McCarthy says EPA can still work with states ‘on a voluntary basis’ on CO2

The U.S. Supreme Court order has resulted in a “pause in terms of the implementation and enforcement of the Clean Power Plan. But the rule is still in effect,” Environmental Protection Agency (EPA) Administrator Gina McCarthy told the House Agriculture Committee on Feb. 11.

During the roughly three-hour hearing, McCarthy told the Agriculture panel that EPA would not attempt to go around the courts when it comes to adverse rulings on the Clean Power Plan or the Waters of the United States rule.

At the same time, the EPA chief expressed confidence that the rules would ultimately be upheld. The U.S. Supreme Court issued an order Feb. 9 that will “stay” implementation of the carbon reduction plan until a key legal challenge brought by states is considered by the U.S. Court of Appeals for the D.C. Circuit.

The rule would have states draft plans to curb carbon dioxide emissions 32% by 2030. Such plans would have been due as soon as September.

House Agriculture Committee Chairman Mike Conaway (R-Texas) criticized EPA overreach on these rules.

“Do we need to restrict your funding” to ensure that EPA doesn’t try to implement the rules anyway, Conaway asked McCarthy.

“We are certainly going to respect the decisions of the court,” McCarthy replied.

“We will still continue to work with states that on a voluntary basis want to move forward with us …The courts will be winding through the process of looking through that rule,” McCarthy added.

“We are going to continue to address greenhouse gases through the authorities in the Clean Air Act that are available to us today.”

Conaway replied that he was a little troubled by McCarthy’s answer, adding that it is not clear that EPA has authority under Clean Air Act.

“On the Clean Power Plan, it is a pause in terms of the implementation and enforcement of the Clean Power Plan. But the rule is still in effect,” McCarthy said.

Rep. Collin Peterson (D-Minn.) said rural utilities in his district might be forced to look to Canada because they cannot afford the Clean Power Plan capital investments on top of their existing capital expenditures to decrease criteria pollutants.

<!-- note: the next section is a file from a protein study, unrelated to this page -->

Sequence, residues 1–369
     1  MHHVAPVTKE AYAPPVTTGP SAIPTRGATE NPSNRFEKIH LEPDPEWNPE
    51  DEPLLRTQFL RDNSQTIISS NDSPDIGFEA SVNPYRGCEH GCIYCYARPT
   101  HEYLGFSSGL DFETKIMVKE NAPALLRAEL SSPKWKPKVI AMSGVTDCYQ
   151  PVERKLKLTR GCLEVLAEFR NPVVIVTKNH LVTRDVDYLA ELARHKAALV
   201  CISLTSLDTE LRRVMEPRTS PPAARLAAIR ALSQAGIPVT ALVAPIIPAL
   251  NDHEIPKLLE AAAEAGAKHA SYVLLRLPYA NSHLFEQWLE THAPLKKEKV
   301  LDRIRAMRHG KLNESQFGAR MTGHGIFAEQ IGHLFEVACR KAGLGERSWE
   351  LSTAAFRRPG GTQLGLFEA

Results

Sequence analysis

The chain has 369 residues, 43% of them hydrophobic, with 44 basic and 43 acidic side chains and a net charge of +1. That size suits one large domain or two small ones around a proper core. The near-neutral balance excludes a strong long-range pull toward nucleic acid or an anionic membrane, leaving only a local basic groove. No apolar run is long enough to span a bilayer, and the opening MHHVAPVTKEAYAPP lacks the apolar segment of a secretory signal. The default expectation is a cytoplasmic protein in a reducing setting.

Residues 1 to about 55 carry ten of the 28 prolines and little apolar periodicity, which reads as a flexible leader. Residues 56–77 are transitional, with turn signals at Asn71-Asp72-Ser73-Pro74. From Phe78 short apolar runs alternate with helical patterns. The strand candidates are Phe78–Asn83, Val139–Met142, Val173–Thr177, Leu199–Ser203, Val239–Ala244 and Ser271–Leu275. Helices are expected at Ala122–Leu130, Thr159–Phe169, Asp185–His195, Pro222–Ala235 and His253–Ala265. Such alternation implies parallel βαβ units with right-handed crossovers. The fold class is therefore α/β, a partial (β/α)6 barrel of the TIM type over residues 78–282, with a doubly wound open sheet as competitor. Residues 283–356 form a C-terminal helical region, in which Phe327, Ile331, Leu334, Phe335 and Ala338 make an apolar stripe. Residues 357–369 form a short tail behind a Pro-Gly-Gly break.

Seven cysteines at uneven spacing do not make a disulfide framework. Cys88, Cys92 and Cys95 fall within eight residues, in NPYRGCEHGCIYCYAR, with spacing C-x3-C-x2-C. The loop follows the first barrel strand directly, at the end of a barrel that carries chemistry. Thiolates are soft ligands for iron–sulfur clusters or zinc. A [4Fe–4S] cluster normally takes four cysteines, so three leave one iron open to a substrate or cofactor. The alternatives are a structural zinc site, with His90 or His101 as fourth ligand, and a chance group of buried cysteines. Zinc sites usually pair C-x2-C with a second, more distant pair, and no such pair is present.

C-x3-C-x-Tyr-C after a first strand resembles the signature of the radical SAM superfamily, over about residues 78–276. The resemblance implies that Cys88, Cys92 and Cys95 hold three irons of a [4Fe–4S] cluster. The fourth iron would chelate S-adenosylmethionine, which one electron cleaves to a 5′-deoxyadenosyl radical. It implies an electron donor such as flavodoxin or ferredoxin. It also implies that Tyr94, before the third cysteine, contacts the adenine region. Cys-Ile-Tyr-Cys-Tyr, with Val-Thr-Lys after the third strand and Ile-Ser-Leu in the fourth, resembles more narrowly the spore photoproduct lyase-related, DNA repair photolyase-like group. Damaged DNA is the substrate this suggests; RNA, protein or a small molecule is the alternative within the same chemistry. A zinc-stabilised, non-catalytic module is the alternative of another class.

Peterson said that his district in Minnesota will be affected by whatever implementation plans are drafted by neighboring states. McCarthy clarified that no EPA action would be “implemented” under the Clean Power Plan while the stay is in place.

 “This regulate first, ask questions later approach is starting to backfire on the EPA,” said the committee chairman, Conaway, citing the high court order on CPP.

A slew of committee members also pointed to a Government Accountability Office (GAO) report that said EPA was improperly using social media in a way that was tantamount to propaganda or lobbying. McCarthy said that she fiercely disagrees with the conclusions of the GAO report.

About Wayne Barber 4201 Articles
Wayne Barber, Chief Analyst for the GenerationHub, has been covering power generation, energy and natural resources issues at national publications for more than 20 years. Prior to joining PennWell he was editor of Generation Markets Week at SNL Financial for nine years. He has also worked as a business journalist at both McGraw-Hill and Financial Times Energy. Wayne also worked as a newspaper reporter for several years. During his career has visited nuclear reactors and coal mines as well as coal and natural gas power plants. Wayne can be reached at wayneb@pennwell.com.